Christianity boasts a relationship with education that stretches back more than a thousand years, and students in the United States today may attend Christian colleges that are affiliated with many different denominations. Christians built early schools in Europe in the Middle Ages, and many of those schools eventually became universities. Today, these colleges operate under a variety of denominations, including the Methodist, Baptist, and Catholic churches.
Three Types of Christian-Affiliated Colleges
One of the essential factors to remember regarding Christian-affiliated colleges is that they don’t all operate in such a way that religion is part of the curriculum. Some colleges began as religiously affiliated institutions and eventually became secular colleges that retained Christianity in name only. Other colleges were started by a religious denomination but eventually transitioned to offering degrees in religious, as well as non-religious areas.
However, many such colleges today offer degrees that aren’t affiliated with Christianity but require students to participate in church activities or take classes about Christianity. Activities may include attending church, volunteering time with a church-affiliated organization, or attending bible study sessions. These colleges may also require that students adhere to a code of conduct that adheres to the faith and its ideals. Most of these colleges are private or for-profit institutions; however, there are some schools that operate in a secular manner today but have a history of affiliation with one of the major denominations of Christianity.
Common Denominations in Today’s Colleges
Some of the most recognizable denominations that are affiliated with Christian-centric colleges today include the Lutheran Church, the Baptist Church, and the Catholic Church. Within each of these major denominations are smaller affiliations that might be a regional label. For example, there are five different affiliations for colleges associated with the Lutheran Church. Bethany College in Lindsborg, Kansas is affiliated with the Evangelical Lutheran Church in America (ELCA) while Concordia College in Selma, Alabama is affiliated with the Lutheran Church-Missouri Synod (LCMS).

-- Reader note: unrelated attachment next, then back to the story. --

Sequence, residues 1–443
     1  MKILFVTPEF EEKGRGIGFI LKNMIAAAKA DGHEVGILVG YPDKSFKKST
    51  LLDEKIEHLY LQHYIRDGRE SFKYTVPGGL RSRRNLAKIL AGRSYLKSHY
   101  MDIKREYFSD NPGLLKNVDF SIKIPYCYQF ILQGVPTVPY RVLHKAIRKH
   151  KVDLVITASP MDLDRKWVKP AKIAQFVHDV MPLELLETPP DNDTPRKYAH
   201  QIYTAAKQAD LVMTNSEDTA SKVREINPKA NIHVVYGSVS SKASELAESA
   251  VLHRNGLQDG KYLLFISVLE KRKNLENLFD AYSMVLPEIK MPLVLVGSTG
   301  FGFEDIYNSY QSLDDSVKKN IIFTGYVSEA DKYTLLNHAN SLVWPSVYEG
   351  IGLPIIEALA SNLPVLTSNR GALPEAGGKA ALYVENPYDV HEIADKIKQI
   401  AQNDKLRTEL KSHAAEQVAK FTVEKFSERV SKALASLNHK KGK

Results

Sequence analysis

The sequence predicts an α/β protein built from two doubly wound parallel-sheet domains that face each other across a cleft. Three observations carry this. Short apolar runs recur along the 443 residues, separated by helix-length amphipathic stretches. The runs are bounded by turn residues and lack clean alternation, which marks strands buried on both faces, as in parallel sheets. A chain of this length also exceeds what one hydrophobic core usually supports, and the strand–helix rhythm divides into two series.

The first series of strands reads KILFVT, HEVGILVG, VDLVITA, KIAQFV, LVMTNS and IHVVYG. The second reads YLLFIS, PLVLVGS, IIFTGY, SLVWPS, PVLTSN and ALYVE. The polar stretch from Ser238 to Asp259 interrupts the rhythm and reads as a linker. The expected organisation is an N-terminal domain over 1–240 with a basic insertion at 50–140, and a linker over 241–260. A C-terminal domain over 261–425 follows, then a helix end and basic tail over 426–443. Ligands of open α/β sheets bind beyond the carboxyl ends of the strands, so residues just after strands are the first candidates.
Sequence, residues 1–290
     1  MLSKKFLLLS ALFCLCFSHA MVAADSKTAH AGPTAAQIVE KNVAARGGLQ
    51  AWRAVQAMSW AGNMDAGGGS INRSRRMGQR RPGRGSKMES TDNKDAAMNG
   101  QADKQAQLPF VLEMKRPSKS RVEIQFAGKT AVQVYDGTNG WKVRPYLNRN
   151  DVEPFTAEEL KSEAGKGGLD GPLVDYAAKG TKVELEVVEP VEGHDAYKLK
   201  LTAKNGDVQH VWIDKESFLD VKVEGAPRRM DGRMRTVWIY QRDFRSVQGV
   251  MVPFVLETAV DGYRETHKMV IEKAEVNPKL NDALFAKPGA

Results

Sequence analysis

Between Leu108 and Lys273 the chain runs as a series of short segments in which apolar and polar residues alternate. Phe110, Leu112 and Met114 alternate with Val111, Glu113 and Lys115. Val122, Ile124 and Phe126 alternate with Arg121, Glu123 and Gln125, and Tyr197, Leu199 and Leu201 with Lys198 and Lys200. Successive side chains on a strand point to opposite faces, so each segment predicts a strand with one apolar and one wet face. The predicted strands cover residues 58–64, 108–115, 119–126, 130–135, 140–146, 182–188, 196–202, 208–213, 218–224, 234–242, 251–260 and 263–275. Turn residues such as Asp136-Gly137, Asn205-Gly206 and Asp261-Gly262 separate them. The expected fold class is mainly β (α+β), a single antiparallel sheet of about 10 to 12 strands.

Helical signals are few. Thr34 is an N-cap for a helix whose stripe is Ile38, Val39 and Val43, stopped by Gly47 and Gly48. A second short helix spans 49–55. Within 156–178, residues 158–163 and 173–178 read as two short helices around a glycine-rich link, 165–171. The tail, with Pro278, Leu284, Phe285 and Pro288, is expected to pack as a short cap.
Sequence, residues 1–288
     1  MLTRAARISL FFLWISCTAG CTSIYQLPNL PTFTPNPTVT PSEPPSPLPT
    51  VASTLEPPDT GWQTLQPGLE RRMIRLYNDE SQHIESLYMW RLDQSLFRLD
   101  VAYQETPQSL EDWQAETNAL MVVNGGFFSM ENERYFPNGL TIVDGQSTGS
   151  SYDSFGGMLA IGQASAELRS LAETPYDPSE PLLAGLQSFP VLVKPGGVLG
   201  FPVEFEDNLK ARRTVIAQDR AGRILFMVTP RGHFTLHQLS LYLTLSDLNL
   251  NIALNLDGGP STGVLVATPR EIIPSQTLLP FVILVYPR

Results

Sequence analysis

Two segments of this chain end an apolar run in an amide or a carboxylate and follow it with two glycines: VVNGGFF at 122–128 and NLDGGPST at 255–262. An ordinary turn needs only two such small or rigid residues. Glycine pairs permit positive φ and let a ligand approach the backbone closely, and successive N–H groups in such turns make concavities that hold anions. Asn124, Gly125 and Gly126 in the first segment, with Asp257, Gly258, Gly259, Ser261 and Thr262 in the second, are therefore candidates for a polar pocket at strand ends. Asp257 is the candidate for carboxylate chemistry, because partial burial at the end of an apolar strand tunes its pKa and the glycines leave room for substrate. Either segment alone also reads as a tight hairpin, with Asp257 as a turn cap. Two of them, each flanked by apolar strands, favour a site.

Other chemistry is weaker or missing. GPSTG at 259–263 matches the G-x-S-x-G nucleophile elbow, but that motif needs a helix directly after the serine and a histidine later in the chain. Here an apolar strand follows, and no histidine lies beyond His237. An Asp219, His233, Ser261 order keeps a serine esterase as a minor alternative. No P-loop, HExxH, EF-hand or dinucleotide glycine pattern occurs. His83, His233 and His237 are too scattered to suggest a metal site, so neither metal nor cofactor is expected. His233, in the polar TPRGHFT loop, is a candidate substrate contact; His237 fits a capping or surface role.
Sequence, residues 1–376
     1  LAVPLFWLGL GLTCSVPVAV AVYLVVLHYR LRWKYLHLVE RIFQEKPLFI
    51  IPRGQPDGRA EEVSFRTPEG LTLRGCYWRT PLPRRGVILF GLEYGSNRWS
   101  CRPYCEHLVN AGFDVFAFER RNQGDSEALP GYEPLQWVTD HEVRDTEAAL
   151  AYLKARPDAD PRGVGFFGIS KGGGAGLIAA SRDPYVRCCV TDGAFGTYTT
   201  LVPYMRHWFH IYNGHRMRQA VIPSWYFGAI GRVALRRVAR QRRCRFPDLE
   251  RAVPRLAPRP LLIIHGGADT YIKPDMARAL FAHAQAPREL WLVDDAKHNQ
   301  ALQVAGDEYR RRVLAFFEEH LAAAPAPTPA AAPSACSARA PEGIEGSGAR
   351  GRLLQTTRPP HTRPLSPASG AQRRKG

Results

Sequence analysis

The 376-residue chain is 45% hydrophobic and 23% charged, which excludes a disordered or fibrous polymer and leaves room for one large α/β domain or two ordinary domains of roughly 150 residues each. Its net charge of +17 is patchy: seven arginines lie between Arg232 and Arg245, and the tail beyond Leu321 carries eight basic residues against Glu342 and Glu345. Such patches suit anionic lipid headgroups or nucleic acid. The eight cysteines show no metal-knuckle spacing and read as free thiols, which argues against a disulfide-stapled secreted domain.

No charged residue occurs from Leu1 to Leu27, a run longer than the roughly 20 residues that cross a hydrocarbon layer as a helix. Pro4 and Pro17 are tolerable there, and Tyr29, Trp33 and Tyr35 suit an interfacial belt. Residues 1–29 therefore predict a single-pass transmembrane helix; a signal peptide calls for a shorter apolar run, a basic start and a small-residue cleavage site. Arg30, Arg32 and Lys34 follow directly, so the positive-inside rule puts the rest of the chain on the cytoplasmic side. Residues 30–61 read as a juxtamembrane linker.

Some universities are associated with very small denominations that may only have a few hundred members. Other colleges are actually nondenominational. For example, Arizona Christian University is located in Phoenix, Arizona and operates as a nondenominational school. Likewise, Asbury University of Wilmore, Kentucky is nondenominational.
Some of the denominations a future student may see when investigating a school associated with Christianity include Assemblies of God, Church of the Nazarene, Southern Baptist, Roman Catholic, Methodist, and Church of Christ. Some colleges even operate as multi-denominational rather than nondenominational, such as the Gordon-Conwell Theological Seminary in South Hamilton, MA.
Choosing a School
When choosing a college that is affiliated with a particular denomination, it may help a student to seek out accredited schools which are authorized to grant degrees in the school’s home state. Accreditation with the regional accrediting agency also ensures a student will have access to a university with high standards for education. Students may also wish to seek out colleges that are affiliated with the Council for Christian Colleges & Universities (CCCU).
The organization requires that members and affiliates adhere to a number of requirements. For example, the school’s mission statement must be “Christ-centered” and rooted in the historic faith. Students interested in attending a religiously-affiliated school may want to explore a few different denominations and consider educational opportunities that may be outside their personal denomination of Christianity.